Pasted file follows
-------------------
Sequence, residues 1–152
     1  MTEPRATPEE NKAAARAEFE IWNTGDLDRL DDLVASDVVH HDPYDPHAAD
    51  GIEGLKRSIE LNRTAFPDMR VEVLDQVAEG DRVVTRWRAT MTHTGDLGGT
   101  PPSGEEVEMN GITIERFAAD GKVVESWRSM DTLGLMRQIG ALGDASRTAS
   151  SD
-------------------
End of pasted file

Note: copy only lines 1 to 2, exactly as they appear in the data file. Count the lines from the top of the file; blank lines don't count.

Sequence, residues 1–152
     1  MTEPRATPEE NKAAARAEFE IWNTGDLDRL DDLVASDVVH HDPYDPHAAD